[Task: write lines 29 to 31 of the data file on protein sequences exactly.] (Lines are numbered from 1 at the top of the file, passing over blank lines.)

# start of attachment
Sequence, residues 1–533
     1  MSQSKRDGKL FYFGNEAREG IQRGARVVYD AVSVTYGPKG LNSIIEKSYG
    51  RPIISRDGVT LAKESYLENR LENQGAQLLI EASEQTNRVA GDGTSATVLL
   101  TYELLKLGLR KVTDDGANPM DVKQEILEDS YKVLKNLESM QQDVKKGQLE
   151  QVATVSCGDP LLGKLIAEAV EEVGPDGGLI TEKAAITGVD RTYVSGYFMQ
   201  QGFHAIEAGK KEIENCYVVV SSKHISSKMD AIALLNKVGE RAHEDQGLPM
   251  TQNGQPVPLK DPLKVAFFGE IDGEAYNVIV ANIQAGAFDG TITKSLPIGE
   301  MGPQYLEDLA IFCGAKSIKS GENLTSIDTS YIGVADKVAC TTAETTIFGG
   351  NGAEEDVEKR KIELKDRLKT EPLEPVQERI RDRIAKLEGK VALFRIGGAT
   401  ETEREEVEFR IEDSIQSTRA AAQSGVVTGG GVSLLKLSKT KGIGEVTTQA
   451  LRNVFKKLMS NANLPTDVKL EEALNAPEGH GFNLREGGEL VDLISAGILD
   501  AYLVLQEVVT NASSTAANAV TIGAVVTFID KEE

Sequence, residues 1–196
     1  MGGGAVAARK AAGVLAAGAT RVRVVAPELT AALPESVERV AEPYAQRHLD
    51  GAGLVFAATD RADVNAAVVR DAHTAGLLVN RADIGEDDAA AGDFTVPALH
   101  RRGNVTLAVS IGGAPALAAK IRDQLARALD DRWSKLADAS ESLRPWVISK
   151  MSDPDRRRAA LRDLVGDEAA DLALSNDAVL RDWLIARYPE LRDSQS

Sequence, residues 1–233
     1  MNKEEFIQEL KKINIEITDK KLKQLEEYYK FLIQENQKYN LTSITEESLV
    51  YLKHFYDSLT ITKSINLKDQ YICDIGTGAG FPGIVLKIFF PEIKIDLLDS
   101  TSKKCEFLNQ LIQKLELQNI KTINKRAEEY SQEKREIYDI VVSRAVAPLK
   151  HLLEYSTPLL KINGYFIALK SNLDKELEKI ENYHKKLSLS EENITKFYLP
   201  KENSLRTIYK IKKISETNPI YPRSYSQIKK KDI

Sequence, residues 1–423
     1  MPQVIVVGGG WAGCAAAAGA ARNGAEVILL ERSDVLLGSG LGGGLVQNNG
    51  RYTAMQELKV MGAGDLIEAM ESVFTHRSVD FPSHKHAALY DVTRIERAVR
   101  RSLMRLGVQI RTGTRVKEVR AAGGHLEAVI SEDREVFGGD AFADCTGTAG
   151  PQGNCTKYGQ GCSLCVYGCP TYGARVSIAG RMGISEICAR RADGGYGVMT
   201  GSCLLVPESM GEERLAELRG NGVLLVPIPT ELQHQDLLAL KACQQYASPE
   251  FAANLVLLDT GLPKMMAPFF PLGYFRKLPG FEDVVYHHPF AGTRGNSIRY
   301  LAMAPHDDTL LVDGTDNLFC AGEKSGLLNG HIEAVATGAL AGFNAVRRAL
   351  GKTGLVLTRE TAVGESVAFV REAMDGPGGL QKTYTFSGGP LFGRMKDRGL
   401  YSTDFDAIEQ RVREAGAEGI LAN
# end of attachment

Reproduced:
   201  GSCLLVPESM GEERLAELRG NGVLLVPIPT ELQHQDLLAL KACQQYASPE
   251  FAANLVLLDT GLPKMMAPFF PLGYFRKLPG FEDVVYHHPF AGTRGNSIRY
   301  LAMAPHDDTL LVDGTDNLFC AGEKSGLLNG HIEAVATGAL AGFNAVRRAL